Code Play a software blog by tim benke

Kritzel Klub released - HTML5 canvas drawing app

I’ve just finished the basic version of a long-time project called “Kritzel Klub” (doodle club). This was a long running project that I care a lot about. The prospective audience are kids 7-12 years old, but I tend to enjoy it a lot too to be honest. Basically many people lose the ability to enjoy drawing when they start “real” school at this age.

kritzel-klub.de screenshot

Christoph Geiger, the designer behind “Kritzel Klub”, tried to find ways to let people just start doodling whithout fear of being judged. Originally he did this with an installation, where he put a big wallpapering table in an art gallery and let the visitors have a got at it with crayons. Amazingly this worked very well. Many “sophisiticated” visitors were delighted with the idea and hogged the table to make doodles and and occupied the different game stations with different drawing activities.

wallpapering table

After this initial success, Christoph thought about a digital equivalent that can be published online to reach an even larger audience. This is were I came in. We’ve been busy building a site around his original idea for several months and it’s been online for a couple of days. The end result works well and Christoph’s design stands in stark contrast to the usual clean-cut design of most sites or the candy sweet comic style of many sites for children. I’m also very happy we accomplished it with HTML5 instead of Flash, which is still used for many funded projects.

color bar zoom

One of the challenges was always to create this unique hand-drawn look with a drawable dynamic background and of course the site should work in almost all resolutions. Unfortunately the most obvious solution with a percentage based width and height would not work:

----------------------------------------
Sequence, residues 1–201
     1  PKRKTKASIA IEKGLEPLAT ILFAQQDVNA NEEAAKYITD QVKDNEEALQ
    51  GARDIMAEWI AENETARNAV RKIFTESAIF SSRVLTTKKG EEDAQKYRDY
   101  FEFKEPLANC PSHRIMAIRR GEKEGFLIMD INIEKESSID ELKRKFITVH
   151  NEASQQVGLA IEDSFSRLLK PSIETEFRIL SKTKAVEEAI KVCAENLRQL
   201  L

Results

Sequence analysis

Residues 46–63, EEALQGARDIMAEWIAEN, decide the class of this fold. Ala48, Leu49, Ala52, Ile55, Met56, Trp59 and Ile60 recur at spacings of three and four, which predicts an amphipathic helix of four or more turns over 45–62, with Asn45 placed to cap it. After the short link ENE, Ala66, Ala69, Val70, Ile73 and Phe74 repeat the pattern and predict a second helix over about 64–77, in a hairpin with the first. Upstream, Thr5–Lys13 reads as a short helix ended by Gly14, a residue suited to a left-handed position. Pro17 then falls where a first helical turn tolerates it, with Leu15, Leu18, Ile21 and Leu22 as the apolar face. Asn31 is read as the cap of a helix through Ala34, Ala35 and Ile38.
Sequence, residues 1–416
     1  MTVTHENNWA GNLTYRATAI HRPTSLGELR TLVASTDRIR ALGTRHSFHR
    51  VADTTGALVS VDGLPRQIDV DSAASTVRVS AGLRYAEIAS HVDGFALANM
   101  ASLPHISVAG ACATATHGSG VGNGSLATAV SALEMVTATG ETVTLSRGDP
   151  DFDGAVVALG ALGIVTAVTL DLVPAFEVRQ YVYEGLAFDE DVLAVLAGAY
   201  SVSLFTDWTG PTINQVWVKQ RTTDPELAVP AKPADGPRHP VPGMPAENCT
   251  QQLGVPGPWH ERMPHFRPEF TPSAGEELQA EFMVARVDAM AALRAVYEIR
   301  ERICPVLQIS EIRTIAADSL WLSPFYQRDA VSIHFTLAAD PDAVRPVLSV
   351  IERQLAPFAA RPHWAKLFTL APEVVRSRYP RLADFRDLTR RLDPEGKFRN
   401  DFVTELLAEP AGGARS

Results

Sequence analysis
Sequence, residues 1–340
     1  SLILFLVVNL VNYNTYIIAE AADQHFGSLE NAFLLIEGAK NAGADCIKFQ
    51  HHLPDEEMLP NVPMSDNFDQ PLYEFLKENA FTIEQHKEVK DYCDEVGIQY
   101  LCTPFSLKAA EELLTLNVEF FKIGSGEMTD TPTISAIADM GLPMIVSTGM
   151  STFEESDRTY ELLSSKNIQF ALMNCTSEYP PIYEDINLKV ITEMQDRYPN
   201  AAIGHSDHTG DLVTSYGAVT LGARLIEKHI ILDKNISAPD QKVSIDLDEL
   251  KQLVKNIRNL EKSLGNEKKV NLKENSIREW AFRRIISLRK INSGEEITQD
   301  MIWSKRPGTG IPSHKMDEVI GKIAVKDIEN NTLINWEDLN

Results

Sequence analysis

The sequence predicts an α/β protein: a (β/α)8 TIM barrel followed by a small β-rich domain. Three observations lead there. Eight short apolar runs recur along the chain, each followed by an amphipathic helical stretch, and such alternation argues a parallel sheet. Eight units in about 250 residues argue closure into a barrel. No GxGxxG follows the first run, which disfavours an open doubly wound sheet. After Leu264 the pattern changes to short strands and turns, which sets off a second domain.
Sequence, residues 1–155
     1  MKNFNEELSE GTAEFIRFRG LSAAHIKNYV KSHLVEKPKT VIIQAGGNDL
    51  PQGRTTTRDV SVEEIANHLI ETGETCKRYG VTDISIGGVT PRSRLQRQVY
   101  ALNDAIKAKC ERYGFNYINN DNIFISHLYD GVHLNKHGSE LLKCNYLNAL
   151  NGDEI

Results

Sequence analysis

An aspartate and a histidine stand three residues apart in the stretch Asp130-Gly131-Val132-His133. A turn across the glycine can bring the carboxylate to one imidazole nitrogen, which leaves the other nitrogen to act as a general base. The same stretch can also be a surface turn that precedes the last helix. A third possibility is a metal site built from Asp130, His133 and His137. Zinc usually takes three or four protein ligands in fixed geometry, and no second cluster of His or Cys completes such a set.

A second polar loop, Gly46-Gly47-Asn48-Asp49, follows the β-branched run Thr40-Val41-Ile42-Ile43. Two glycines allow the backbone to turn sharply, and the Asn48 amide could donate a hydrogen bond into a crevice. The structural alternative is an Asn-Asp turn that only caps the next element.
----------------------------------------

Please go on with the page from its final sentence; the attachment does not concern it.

div#color_bar {
    height: 20%;
    width: 15%;
}

The problem are of course different aspect ratios. If the basic design is displayed on a 16:9 display, it will look very distorted on a 4:3 screen. So one obvious brute-force solution would be to calculate everything on every resize. The slightly unintuitive solution I came up was to use padding-bottom. Here’s code that respects aspect ratios using this idea:

div#color_bar {
    position: absolute;
    bottom: 0%;
    left: 0%;

    width: 15%;

    padding-bottom: 15%;

    background: url("/pictures/background.png");
    background-size: 100% 100%;
    background-repeat: no-repeat;
}

The behavior is actually well defined in the standard: padding-bottom does really only depend on the width of the element and not its height:

'padding-top', 'padding-right', 'padding-bottom', 'padding-left'
 Percentages:  	refer to width of containing block

As always there’s an interesting discussion on this is defined in this way over on stackoverflow. Although we can’t know, because the spec doesn’t specify the reason, Ryan Kinal mentions the interesting hypothesis that we would have infinite loops of height calculation otherwise.

Whatever the reason this little rule made working with div elements with background images so much easier when trying to build a responsive layout.

Now that the project is public, I’ll continue writing about the different challenges we encountered with “Kritzel Klub”.